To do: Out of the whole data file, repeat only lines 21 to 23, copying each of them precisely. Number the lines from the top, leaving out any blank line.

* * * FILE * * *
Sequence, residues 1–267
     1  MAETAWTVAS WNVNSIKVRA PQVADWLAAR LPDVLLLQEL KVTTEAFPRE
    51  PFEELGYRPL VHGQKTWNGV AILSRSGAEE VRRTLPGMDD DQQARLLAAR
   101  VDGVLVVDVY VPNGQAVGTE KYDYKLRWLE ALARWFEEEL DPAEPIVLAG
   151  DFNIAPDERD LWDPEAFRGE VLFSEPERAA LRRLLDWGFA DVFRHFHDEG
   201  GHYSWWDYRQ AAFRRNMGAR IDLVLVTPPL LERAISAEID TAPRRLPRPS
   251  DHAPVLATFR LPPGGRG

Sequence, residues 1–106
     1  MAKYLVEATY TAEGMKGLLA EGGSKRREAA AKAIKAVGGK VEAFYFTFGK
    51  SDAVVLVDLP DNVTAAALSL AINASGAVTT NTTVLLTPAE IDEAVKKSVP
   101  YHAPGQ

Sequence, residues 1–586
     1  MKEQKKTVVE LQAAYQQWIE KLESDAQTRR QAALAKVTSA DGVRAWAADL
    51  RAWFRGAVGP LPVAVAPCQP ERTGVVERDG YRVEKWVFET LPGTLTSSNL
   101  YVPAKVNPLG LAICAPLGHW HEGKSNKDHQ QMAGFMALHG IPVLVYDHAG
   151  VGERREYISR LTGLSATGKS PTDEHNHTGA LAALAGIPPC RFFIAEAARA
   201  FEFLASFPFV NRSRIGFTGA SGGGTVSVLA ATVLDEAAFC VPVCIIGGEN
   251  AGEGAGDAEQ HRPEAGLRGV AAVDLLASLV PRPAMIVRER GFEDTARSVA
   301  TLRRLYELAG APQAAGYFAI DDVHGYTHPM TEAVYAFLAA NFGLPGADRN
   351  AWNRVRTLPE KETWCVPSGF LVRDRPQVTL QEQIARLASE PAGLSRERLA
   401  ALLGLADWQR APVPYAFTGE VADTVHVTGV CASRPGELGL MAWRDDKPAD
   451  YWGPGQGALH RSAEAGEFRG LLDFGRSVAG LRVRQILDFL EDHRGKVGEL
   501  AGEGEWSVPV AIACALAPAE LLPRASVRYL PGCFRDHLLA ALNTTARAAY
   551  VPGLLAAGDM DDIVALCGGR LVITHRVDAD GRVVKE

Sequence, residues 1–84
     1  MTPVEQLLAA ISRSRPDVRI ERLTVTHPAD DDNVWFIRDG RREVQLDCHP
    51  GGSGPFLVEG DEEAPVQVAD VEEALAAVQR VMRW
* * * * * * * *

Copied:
   401  ALLGLADWQR APVPYAFTGE VADTVHVTGV CASRPGELGL MAWRDDKPAD
   451  YWGPGQGALH RSAEAGEFRG LLDFGRSVAG LRVRQILDFL EDHRGKVGEL
   501  AGEGEWSVPV AIACALAPAE LLPRASVRYL PGCFRDHLLA ALNTTARAAY